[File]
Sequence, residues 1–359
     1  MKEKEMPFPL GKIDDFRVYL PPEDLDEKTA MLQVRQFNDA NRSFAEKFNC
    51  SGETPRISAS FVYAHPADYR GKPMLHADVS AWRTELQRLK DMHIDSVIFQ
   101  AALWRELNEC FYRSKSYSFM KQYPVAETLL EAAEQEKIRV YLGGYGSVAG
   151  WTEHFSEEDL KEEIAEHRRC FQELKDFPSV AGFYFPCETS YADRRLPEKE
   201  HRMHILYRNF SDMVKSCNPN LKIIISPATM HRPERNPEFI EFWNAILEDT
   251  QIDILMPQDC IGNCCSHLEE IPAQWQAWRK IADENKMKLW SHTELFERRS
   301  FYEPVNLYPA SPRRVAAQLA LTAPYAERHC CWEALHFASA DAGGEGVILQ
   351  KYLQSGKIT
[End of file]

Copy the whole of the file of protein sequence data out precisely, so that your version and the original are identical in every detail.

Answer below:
Sequence, residues 1–359
     1  MKEKEMPFPL GKIDDFRVYL PPEDLDEKTA MLQVRQFNDA NRSFAEKFNC
    51  SGETPRISAS FVYAHPADYR GKPMLHADVS AWRTELQRLK DMHIDSVIFQ
   101  AALWRELNEC FYRSKSYSFM KQYPVAETLL EAAEQEKIRV YLGGYGSVAG
   151  WTEHFSEEDL KEEIAEHRRC FQELKDFPSV AGFYFPCETS YADRRLPEKE
   201  HRMHILYRNF SDMVKSCNPN LKIIISPATM HRPERNPEFI EFWNAILEDT
   251  QIDILMPQDC IGNCCSHLEE IPAQWQAWRK IADENKMKLW SHTELFERRS
   301  FYEPVNLYPA SPRRVAAQLA LTAPYAERHC CWEALHFASA DAGGEGVILQ
   351  KYLQSGKIT